Emissions control on dairy farms, however, presents not just cost but also opportunity, and the option that’s attracted the most interest is methane digesters. The devices convert gases from methane into energy; Linn says so far, they’re working out well for the few Minnesota producers who have installed them. Some are selling the electricity or producing directly into a natural gas pipeline; “There’s even a few research projects now,” he says, “looking at how we capture that gas and can store it on the farm, and possibly be using it in some farm implements.” Although they’re currently cost-prohibitive for smaller farms, Linn sees the technology advancing so that a dairy with just a couple of hundred cows could use them.
 But the concept hasn’t worked as well in California, according to Cynthia Cory, director of environmental affairs for the California Farm Bureau Federation. “It is a regulatory quagmire,” she says, “because in California we have so many regulations, from the Air Board, from the Water Board, from the Integrated Waste Board.”
The problem is with the process by which the methane is converted into renewable energy; Cory says it involves combustion and nitrogen oxides (Nox), a criteria pollutant that is regulated under the Clean Air Act. She says, “The standards for NOx are so low in the San Joaquin Valley now, they will not give you a permit for practically anything. And even though these are minor NOx emissions in the scheme of things, especially when you compare it to the methane that you’re reducing, it still is becoming a regulatory nightmare.” As a result, she says, “I’ve got very progressive dairy farmers who are not able to get a local air permit after they’ve built this expensive methane digester.”
There are supposedly “Nox lean burners” on the market that can help digesters meet the standards; Cory says they don’t work as well as advertised and are expensive to buy and maintain, but the Air District was persuaded to establish their use as a requirement. The solution, she says, “may be as a combination of trying to get them to relook at what technology is really out there—do we need to have it at nine parts per million? Could it be a higher NOx standard?”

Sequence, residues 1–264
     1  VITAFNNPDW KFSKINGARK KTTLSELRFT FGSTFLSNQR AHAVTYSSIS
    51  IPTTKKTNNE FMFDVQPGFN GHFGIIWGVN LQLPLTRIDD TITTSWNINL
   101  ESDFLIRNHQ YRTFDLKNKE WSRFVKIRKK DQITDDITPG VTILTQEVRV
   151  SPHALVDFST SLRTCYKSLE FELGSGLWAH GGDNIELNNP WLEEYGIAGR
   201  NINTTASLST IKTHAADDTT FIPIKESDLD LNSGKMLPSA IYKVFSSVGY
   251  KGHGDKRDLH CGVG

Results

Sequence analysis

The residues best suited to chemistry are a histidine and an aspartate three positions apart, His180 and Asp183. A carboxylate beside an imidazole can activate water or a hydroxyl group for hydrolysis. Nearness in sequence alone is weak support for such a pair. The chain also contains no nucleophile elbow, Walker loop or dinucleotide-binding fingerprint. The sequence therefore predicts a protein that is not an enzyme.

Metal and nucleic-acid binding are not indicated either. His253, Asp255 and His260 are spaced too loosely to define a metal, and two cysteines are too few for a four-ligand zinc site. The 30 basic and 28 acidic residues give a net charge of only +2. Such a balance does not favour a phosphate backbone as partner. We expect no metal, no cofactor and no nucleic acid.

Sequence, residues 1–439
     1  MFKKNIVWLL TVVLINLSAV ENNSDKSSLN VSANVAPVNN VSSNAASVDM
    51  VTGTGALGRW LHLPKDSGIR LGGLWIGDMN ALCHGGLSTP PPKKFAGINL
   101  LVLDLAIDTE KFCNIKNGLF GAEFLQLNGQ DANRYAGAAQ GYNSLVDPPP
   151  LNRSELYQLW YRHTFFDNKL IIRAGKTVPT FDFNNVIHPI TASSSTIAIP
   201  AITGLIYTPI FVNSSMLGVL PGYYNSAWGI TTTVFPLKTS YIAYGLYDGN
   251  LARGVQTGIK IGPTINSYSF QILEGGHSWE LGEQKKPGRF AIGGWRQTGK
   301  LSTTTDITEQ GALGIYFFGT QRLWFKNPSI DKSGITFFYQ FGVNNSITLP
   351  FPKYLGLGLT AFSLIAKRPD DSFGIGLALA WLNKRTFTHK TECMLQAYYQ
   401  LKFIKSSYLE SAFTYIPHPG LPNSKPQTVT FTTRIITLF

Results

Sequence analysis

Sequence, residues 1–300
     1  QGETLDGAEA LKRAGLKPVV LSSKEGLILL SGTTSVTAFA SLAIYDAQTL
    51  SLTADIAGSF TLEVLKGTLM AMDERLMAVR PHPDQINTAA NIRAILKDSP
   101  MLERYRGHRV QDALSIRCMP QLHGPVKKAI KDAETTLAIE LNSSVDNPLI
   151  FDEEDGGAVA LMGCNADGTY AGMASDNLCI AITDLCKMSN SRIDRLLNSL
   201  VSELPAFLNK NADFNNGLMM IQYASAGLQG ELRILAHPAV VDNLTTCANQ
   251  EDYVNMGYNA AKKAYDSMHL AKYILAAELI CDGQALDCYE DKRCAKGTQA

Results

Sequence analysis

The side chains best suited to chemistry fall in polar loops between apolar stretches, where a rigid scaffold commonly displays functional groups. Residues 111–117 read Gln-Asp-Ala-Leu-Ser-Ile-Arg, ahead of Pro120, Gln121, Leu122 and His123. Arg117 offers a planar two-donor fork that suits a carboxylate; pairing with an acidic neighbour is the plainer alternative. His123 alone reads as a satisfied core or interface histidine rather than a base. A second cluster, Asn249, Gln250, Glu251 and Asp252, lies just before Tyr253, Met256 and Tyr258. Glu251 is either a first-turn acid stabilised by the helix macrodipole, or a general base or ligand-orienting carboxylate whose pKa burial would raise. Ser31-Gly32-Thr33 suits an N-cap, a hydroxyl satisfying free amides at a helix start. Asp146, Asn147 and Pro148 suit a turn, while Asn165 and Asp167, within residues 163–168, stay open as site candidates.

This is a crucial issue to California dairy farmers because the Golden State has implemented its own global warming plan. The statewide target is to return to 1990 carbon dioxide emission levels by 2020; this would entail reducing emissions by 174 million metric tons (mmt), and agriculture’s share of that is pegged at 9 mmt. It’s not a mandatory program at this time, but Cory says the agricultural task force she worked with is seeking ways to meet the goal voluntarily; she says the digesters alone, if used by all of California’s first-in-the-nation dairy producers, would achieve 1 mmt of that.
“It’s not a ‘one size fits all’,” she says. “It’s going to really depend on the size of your dairy, and your infrastructure.” The methane doesn’t necessarily have to be turned into energy, Cory adds, although that’s the best-case scenario; the gas could simply be trapped and destroyed. “But we’re working on it,” she says, “because now with the greenhouse gas rules that are being put in place for California, there’s more of a push for renewable energy, so the electrical companies are looking for more renewable energy.”
Other potential sources of reduced emissions identified by Cory’s task force included carbon sequestration (“There’s just so much research that has to be done on California crops and conditions that hasn’t been done,” she says. “It’s just not ready for prime time”) and fertilizer applications. Cory says research is under way on whether dividing applications can reduce the amount of nitrogen lost through volatility “I don’t want to say that there’s a simple answer, and that we should rush and go say it can be done,” she says. “It’s a bit down the road before I think we’re going to—if ever—find anything that we can really point to and say, ‘This is a concrete way to reduce nitrous oxide, if you do this step’.”
Results from the dairy industry’s survey on producer practices should be released this summer; dairy processors have already completed their own study. In addition, Naczi says they’re compiling information on the retailers’ share of emissions, as well as dairy products transportation. The dairy checkoff is paying for the producer questionnaires, but those sectors are making separate contributions.   “It’s a pretty representative group of people working on this to get it done,” he says.
They’re working together because they have a broad customer base to satisfy. “Our customers,” says Naczi, “the retailers and actual consumers, are getting more involved in their food production, and they’re asking about industries that are ‘being green’ and industries that are concerned about environment. That was really the driver that got us into this; it was actually a response to consumer interest.”